Here’s a fab tune from the Playford collection. Mary D has done some research and says: “Jack o’ Lent was a tradition in England in the 15th, 16th and 17th centuries involving the abuse and burning of a straw effigy during the season of Lent, ending with its burning on Palm Sunday. The effigy, made of straw or stuffed clothes, was abused and stoned on Ash Wednesday while being dragged about the parish.”
Here are the dots in PDF form.
Here are the chord sequences, with an added bonus 4th version, by way of an apology for the late post!
Here are the arrangements for the May 27th concert at Gunnersbury Park. We’re playing 2:00 – 4:00 (with an interval), and I’m hoping we can get in before that to have a rehearse and to settle into the space. We will do a concert spot of our arrangements and a ceilidh spot playing for some dances that I’ll call (I’ll put list up later in the week, though it’ll all be things we did at the Ealing Folk Dance Club). We may also be joined by a local Morris team, though I need to finalise the details with my contact as Gunnersbury and with the team themselves.
There are full details on the Gunnersbury House page here, including the address and transport links, and details on how to reserve tickets: http://www.visitgunnersbury.org/west-london-folk-band-summer-concert-2/. Spread the word – tickets are free but you can book, just in case we get inundated!
Here are the videos for Monday’s Morris Medley, The Lollipop Man first:
… and Shepherd’s Hey here:
And the dots for each are below, with a PDF file here. We did a basic harmony for the beginning of Shepherd’s Hey, but other than that concentrated on emphasising the rhythm in particular bars (Bars 2, 4, 6 and 8 in Lollipop Man and bars 5 and 6 in Shepherd’s Hey).
As promised/threatened, here is a link to the recording of Lollipop Man from The Mother of All Morris album (not from the Morris On series as I misremembered), it’s NSFW:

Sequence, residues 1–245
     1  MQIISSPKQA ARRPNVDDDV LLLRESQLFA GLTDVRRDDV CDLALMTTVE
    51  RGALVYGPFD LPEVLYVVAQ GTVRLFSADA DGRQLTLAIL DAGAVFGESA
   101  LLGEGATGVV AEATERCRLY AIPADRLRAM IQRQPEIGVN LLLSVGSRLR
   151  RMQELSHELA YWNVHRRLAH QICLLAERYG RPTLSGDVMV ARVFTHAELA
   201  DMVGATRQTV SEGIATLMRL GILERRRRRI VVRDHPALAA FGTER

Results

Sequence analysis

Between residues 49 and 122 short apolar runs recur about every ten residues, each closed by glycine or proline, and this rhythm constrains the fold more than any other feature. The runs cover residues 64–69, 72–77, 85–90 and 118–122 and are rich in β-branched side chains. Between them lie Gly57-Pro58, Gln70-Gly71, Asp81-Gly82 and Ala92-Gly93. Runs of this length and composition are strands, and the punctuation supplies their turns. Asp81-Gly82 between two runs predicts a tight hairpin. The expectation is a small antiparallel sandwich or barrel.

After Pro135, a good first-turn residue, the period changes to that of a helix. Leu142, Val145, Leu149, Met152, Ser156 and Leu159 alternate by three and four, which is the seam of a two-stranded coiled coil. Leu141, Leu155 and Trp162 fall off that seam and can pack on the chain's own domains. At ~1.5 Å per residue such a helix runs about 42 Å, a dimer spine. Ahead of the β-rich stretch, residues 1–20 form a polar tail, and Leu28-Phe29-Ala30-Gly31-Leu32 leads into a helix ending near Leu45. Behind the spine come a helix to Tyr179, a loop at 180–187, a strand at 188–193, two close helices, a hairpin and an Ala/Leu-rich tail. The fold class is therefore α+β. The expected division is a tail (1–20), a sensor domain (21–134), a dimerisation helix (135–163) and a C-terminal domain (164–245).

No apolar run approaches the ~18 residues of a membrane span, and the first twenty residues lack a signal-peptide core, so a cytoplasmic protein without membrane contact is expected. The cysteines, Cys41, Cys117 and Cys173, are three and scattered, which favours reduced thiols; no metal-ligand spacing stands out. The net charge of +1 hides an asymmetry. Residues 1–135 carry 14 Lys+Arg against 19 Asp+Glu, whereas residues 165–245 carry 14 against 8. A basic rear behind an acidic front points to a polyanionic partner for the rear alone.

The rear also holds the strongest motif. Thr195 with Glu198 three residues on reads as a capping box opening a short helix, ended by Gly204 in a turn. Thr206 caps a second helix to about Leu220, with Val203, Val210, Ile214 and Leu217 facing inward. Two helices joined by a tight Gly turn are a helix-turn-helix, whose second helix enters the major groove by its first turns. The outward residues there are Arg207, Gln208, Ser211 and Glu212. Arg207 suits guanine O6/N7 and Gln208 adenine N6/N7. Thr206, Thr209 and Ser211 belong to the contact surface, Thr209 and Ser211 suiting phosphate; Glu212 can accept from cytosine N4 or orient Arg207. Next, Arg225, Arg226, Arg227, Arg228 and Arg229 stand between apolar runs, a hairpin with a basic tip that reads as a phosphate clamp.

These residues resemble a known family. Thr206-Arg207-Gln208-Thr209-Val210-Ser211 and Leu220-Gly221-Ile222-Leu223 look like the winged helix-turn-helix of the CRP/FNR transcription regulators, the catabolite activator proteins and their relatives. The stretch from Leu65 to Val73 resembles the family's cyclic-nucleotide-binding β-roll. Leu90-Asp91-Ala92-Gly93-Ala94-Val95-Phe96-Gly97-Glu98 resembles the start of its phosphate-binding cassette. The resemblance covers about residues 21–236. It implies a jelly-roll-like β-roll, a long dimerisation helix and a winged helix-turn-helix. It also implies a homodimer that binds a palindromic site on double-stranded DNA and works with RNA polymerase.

Here is the Dusty Miller, a fantastic 3/2 hornpipe first published in England in 1718 – it seems to have been very popular in the 1700s and early 1800s in England and Scotland in particular, and it also made its way to Ireland and America.
Here’s the video of the tune:
Here are the videos for the close harmony (2nd line of each system of the music):
…and the independent harmony (3rd line of each system of the music):
Here are the dots, with a PDF here:
The original and alternative chord sequences are available here. Enjoy!
Here are the dates for the summer term:
May 6th NO CLASS
May 27th DAYTIME CONCERT AT GUNNERSBURY HOUSE
July 15th POSSIBLY AN INFORMAL CONCERT AND SESSION AT OUR USUAL VENUE, TBC
Here’s the video from Dave’s session on April 8th, with apologies for the delay in posting. Here’s the tune:
…and here’s the chord part:
The dots for this tune can be found by clicking here. Massive thanks to the incredible Dave Delarre for this great session, and I’ll be back for the beginning of next term on April 29th.
Here are the video and dots for An Blew Treghy, with huge thanks to Beth Gifford for covering the class. An Blew Treghys is a Cornish Tune which Beth learned from the singing of Aimee Leonard and recorded by Aimee’s band Anam on their album Riptide.
The dots can be found as a PDF file here.